August 07, 2022 Press Release

Auto Innovators Statement on Inflation Reduction Act

WASHINGTON, DC – The Alliance for Automotive Innovation today released the following statement after the Senate approved the Inflation Reduction Act, legislation that includes automotive manufacturing and consumer purchase incentives to expand vehicle electrification in the United States.

John Bozzella, president and CEO of the Alliance for Automotive Innovation said: “Automakers are committed to the electric future and the production of groundbreaking EVs. For the transformation to electrified transportation to really take hold – 15, 25, 50 percent of the market – it requires more than just EVs with cutting edge performance, design and technology.

“This is a massive undertaking and government has a role to play when it comes to establishing the right conditions for global leadership and success. The manufacturing tax credits and grant funding will help accelerate the domestic industrial base conversion currently underway. Unfortunately, the EV tax credit requirements will make most vehicles immediately ineligible for the incentive. That’s a missed opportunity at a crucial time and a change that will surprise and disappoint customers in the market for a new vehicle. It will also jeopardize our collective target of 40-50 percent electric vehicle sales by 2030.

“For a transformation like this to succeed, many supportive policies beyond the auto industry’s control must be in place: new supply chains that incorporate national security allies, usable manufacturing and consumer tax incentives, expedited permitting for critical mineral mining and related processing, and ubiquitous charging infrastructure across the country.”

Automotive manufacturing provisions in the Inflation Reduction Act:

Supply Chain

Extension of the Advanced Energy Project Credit: Expands the qualifications for, and allocation of, advanced energy project credits. Within 180 days of enactment, a program must be implemented by the Treasury Department to grant certification to applications. The provision allows the Secretary to allocate an additional $10 billion in tax credits to qualifying projects. Eligibility is expanded to include projects to establish, expand or re-equip facilities for advanced light, medium, and heavy-duty vehicles and related components and infrastructure.

Advanced Manufacturing Production Credit: Provides an outline of credits available to those entities that produce materials used for clean energy production. Materials eligible for credits include the production of electrode active materials, battery cells, battery modules and applicable critical minerals. Credit phase outs do not apply to the production of critical minerals.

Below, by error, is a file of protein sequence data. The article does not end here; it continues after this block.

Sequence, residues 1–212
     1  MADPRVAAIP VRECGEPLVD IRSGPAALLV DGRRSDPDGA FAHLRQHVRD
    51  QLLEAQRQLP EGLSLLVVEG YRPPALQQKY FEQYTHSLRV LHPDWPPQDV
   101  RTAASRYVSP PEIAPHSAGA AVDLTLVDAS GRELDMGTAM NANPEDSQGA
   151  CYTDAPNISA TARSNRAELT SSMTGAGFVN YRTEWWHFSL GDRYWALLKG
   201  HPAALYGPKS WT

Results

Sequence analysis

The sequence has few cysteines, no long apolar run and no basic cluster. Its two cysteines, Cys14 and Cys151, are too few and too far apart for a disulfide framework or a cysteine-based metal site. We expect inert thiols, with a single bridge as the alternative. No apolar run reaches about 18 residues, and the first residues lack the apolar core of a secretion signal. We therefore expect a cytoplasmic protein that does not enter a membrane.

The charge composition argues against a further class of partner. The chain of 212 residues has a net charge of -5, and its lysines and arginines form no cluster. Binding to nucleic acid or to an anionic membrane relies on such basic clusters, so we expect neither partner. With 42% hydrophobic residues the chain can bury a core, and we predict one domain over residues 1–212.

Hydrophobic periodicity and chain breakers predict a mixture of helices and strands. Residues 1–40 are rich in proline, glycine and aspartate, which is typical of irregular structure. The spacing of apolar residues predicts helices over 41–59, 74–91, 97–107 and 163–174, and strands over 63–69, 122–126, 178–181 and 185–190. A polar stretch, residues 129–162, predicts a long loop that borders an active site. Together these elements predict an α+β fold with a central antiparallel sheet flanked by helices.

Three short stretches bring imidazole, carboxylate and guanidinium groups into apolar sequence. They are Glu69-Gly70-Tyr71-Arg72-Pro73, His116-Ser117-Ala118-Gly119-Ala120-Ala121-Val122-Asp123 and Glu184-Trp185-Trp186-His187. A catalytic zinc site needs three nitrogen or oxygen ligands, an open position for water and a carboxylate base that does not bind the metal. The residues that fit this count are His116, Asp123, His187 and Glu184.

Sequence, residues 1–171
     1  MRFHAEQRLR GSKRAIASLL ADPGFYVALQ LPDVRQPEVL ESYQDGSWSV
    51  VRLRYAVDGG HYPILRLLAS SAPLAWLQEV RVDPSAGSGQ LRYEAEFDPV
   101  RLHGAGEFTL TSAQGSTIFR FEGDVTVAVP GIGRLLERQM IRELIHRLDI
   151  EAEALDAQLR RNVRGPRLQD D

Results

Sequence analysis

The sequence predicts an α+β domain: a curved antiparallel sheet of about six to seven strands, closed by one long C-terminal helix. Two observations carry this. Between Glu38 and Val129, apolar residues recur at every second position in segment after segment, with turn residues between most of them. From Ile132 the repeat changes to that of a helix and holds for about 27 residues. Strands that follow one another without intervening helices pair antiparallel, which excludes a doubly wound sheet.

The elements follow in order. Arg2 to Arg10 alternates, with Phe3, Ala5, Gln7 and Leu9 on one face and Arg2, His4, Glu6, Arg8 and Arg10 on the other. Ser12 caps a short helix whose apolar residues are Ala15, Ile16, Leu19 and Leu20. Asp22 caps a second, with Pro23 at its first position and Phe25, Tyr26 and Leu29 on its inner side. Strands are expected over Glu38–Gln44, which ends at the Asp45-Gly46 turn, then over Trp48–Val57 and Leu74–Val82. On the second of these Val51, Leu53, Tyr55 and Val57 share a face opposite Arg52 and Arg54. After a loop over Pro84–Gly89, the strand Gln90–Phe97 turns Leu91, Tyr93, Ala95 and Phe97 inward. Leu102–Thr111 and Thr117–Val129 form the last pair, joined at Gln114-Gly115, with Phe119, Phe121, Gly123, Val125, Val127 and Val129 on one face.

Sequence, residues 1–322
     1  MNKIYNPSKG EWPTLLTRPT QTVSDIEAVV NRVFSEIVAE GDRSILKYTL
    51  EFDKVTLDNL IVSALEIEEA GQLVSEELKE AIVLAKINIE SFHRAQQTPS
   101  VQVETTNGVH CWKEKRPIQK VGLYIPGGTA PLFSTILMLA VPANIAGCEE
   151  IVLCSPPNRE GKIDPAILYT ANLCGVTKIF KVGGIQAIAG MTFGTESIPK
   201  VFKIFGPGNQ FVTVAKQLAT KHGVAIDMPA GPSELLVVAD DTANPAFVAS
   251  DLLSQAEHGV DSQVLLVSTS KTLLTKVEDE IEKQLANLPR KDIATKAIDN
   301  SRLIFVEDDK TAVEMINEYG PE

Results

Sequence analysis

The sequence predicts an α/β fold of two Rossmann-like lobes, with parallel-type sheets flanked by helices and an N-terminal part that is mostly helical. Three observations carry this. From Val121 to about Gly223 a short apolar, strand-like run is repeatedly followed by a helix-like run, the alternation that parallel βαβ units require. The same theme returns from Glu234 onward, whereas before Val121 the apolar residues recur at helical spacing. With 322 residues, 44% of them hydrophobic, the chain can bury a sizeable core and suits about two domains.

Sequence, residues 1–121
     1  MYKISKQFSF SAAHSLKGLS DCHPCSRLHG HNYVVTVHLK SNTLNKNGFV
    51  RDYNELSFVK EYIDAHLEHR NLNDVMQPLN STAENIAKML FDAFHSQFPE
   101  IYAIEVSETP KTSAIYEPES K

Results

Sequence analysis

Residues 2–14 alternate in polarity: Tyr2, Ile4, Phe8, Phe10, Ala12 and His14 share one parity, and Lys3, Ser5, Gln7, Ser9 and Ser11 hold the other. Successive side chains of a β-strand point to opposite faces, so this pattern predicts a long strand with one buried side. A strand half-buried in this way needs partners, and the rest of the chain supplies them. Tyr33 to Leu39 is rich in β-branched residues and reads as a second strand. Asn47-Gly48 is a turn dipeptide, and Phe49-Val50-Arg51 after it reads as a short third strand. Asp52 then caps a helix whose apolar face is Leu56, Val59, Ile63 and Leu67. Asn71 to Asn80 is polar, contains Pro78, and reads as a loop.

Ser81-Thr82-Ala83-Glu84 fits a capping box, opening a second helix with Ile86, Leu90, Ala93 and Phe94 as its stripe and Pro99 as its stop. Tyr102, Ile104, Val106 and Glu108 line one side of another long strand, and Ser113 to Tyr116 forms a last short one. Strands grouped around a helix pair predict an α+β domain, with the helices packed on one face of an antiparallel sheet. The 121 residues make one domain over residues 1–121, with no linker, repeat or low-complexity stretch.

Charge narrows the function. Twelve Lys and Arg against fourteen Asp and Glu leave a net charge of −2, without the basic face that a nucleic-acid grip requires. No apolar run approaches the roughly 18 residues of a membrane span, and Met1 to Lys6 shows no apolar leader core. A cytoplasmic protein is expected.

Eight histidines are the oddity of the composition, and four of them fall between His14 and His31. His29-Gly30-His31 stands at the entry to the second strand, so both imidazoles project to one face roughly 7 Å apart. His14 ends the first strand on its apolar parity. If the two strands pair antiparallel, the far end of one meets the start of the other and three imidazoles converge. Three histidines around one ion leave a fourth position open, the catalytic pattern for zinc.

Advanced Technology Vehicle Manufacturing: Appropriates $3 billion for the Secretary of Energy to make direct loans for the cost of establishing or expanding U.S. manufacturing facilities that produce advanced technology vehicles or components with low or zero greenhouse gas emissions.

Domestic Manufacturing Conversion Grants: Appropriates $2 billion for grants for electric hybrid, plug-in electric hybrid, plug-in electric drive and hydrogen fuel cell electric vehicles.

Defense Production Act Funding: Includes $500 million (available until September 2024) for additional incentives to spur onshoring for critical minerals.

Purchase Incentives

Clean Vehicle Credit: Changes the Section 30D tax credit by lifting the 200,000 vehicle per manufacturer limit through December 2032. New qualifying electric vehicles are eligible for a maximum credit of $7,500, of which $3,750 is based on the amount of critical minerals contained in the battery extracted in a country with which the U.S. has a free trade agreement or have been recycled in North America. The remaining $3,750 is based on the value of the components of the battery manufactured or assembled in North America. The threshold amounts required to qualify increase over time. All vehicles eligible for the credit would need to be assembled in North America effective upon enactment.

Previously Owned Vehicle Credit: Applies a tax credit for used clean vehicles at the lesser of $4,000 or 30 percent of the sale price of that vehicle. Qualifying used cars include model years at least two years earlier than the year the vehicle was purchased.

Qualified Commercial Clean Vehicles: Creates the qualified commercial clean vehicle credit, which is equal to 30 percent of the incremental cost of the vehicle not powered by an internal combustion engine with a maximum credit of $7,500 for vehicles weighing less than 14,000 pounds and $40,000 for all other vehicles.


Alternative Fuel Refueling Property Credit: Extends the federal income tax credit on the cost of any qualified alternative fuel vehicle refueling property through 2032. The credit is allowable on costs up to $100,000 of the cost of the alternative refueling property and 20 percent on any cost above $100,000.

Blog: What If No EVs Qualify for the EV Tax Credit? It Could Happen. (August 5, 2022)

Get Connected: Electric Vehicle Quarterly Report 2022, First Quarter (July 21, 2022)